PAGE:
Improving Systems, Practices and Outcomes

Recommended Resources for Planning to Evaluate Program Improvement Efforts (including the SSIP)

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Recommended Resources for Planning to Evaluate Program Improvement Efforts (including the SSIP)

DaSy: The Center for IDEA Early Childhood Data Systems
ECTA Center: The Early Childhood Technical Assistance Center
NCSI: The National Center for Systemic Immprovement

This document provides a list of recommended existing resources for state Part C and Part B 619 staff and technical assistance (TA) providers to utilize to support evaluation planning for program improvement efforts (including the State Systemic Improvement Plan, SSIP). There are many resources available related to evaluation and evaluation planning, but these were selected as the ones more relevant to and useful for early intervention and preschool special education. Additional resources can be found at the GRADS360 Phase II Evaluation Resource Library . As program improvement and the SSIP work is ongoing and evolving, this list will be updated as new and relevant resources become available.

Comprehensive Evaluation Guidebooks and Manuals

WWW: The Program Manager's Guide to Evaluation, 2nd Edition

This manual is written for program managers, and contains tips, worksheets and samples to provide information to help you understand each step of the evaluation process.

Most relevant sections:
  • Pages 8-9: Outline of the basic evaluation steps
  • Chapter 5 (pages 30-41): Outlines the steps to prepare for an evaluation
  • Pages 42-43: Sample logic model and logic model worksheet
  • Pages 44-45: Sample and worksheet for describing implementation objectives in measurable terms
  • Pages 46-47: Sample and worksheet for describing participant outcome objectives
  • Pages 59-61: Sample outline for an evaluation plan
  • Pages 74-75: Sample data collection plan
  • Page 76: Worksheet for developing a data collection plan

Source: Administration for Children and Families, Office of Planning, Research and Evaluation (ACF OPRE) (2010). Retrieved from

WWW: We Did It Ourselves: An Evaluation Guidebook

This guidebook is written for the person who has never done an evaluation before. It provides step-by-step instructions on how to design and carry out an evaluation. It could also be used as a reference by people interested in certain phases of the evaluation process, such as writing performance indicators or designing a survey. The guidebook details how to (1) develop outcome statements, indicators, and evaluation questions; (2) formulate an evaluation methodology and collect, assess, and summarize data, and (3) develop and disseminate evaluation findings and recommendations. The guidebook also contains a glossary, sample outcome and indicator statements, evaluation resources, and real-life stories of how community organizations used evaluation tools. This resource is lengthy, but full of useful explanations of evaluation concepts and has some really wonderful worksheets and resources that can be used by states for the SSIP and also for TA providers to use with states during sessions and workshops.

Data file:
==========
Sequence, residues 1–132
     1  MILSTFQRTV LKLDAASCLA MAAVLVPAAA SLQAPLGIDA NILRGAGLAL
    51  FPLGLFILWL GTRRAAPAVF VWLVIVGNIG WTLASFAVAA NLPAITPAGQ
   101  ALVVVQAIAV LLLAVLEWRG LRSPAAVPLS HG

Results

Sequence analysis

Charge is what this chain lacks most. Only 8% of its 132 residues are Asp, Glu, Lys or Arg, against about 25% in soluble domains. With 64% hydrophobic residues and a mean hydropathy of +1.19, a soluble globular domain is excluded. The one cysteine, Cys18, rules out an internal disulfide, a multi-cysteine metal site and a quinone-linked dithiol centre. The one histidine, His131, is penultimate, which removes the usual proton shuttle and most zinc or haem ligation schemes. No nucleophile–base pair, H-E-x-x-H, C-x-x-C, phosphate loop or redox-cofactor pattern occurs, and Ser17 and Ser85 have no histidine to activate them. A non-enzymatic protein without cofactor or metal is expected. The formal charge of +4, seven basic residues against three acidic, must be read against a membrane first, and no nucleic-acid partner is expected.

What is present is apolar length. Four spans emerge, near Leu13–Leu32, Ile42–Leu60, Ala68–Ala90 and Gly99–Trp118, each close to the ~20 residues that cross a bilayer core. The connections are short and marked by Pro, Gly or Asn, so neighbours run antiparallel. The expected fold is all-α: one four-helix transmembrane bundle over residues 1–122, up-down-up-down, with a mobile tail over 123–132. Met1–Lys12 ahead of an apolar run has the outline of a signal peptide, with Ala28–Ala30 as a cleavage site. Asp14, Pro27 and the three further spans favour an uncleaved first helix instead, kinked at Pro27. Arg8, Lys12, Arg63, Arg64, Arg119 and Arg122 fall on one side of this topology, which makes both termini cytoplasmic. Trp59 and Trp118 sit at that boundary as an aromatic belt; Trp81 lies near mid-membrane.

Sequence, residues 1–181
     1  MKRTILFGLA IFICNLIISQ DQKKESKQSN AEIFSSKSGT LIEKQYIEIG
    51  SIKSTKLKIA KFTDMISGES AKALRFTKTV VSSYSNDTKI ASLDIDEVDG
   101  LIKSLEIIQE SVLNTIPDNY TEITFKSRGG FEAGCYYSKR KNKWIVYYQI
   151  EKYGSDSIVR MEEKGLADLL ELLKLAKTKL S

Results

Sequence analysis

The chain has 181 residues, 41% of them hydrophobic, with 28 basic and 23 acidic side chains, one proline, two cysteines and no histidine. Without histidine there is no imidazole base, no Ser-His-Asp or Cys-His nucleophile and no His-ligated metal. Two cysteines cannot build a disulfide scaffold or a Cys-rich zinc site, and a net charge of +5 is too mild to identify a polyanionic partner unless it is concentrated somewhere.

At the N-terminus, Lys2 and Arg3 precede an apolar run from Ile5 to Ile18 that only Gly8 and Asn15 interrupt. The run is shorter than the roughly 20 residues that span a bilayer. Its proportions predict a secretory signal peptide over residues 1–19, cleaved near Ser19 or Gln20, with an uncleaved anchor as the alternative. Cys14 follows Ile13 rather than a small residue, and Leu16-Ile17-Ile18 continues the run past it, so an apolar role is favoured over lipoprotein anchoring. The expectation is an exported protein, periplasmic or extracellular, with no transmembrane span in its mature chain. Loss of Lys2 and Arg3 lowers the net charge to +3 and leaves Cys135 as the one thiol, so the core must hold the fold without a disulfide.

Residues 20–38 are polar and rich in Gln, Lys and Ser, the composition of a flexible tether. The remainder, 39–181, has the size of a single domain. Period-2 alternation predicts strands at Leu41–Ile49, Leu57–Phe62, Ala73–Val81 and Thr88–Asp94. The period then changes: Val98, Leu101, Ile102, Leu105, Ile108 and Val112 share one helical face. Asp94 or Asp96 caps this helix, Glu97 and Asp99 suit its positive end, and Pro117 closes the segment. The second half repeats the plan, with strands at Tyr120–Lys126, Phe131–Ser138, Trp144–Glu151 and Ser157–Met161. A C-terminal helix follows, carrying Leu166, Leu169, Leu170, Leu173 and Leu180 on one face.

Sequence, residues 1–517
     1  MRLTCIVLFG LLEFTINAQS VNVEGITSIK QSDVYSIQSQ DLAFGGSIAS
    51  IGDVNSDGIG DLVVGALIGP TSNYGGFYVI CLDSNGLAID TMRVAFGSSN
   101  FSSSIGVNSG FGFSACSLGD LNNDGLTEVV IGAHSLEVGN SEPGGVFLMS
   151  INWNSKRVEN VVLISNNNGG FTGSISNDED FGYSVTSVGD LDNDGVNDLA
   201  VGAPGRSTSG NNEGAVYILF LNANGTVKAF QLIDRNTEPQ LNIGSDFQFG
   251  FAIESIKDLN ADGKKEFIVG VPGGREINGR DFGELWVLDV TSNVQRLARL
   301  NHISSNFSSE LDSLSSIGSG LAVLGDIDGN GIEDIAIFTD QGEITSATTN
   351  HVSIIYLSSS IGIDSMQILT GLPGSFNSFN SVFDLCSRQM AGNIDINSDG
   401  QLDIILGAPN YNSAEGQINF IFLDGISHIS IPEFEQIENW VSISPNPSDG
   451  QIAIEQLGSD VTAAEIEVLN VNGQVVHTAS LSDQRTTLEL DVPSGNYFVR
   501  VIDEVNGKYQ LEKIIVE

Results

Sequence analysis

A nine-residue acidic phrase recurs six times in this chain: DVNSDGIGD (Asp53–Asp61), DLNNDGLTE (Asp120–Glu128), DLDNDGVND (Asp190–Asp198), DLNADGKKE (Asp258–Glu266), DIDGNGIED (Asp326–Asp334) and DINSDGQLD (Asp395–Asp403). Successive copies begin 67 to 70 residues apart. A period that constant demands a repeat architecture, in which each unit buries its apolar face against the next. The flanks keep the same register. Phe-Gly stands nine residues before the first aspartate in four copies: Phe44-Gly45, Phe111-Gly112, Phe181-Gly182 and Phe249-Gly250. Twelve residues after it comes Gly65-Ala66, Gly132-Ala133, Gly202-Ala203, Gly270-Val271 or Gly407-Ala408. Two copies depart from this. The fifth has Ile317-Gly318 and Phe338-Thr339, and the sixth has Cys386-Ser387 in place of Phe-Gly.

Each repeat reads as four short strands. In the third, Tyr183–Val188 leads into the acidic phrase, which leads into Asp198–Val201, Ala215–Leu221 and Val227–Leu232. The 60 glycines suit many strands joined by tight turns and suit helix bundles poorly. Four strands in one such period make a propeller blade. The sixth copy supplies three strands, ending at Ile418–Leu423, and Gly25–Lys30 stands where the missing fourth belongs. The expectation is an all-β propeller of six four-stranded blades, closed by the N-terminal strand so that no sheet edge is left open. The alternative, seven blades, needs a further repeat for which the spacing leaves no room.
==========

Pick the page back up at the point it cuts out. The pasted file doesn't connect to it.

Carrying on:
Most relevant sections:
  • Pages 35-39: Worksheets to develop your evaluation questions
  • Page 58: Implementation questions
  • Page 61: Worksheet for documenting strategies and activities
  • Pages 62-66: Examples of documentation forms
  • Page 91-96: Examples and worksheets for developing an evaluation work plan
  • Page 154-155: Exercise for analyzing training attendance data

Source: SRI International (supported by the Sierra Health Foundation) (2000). Retrieved from

WWW: Taking Stock: A practical guide to evaluating your own programs

This manual is written for community-based organizations and provides a practical guide to program evaluation and focuses on internal evaluation conducted by program staff, which will be useful for States planning on conducting their SSIP evaluation internally. The manual provides a nice overview of the evaluation process and includes the basic steps of planning for and conducting internal program evaluation, including practical strategies for identifying quantitative and qualitative data.

Most relevant sections:
  • Chapter 4 (pages 15-19): What Are You Trying to Do? Defining Goals and Objectives
  • Page 25: Evaluation Planning Chart
  • Chapter 6 (pages 27-37): Finding the Evidence: Strategies for Data Collection
  • Page 47: Chart of program objectives to evaluation questions
  • Pages 61-62: Roadmap for evaluation design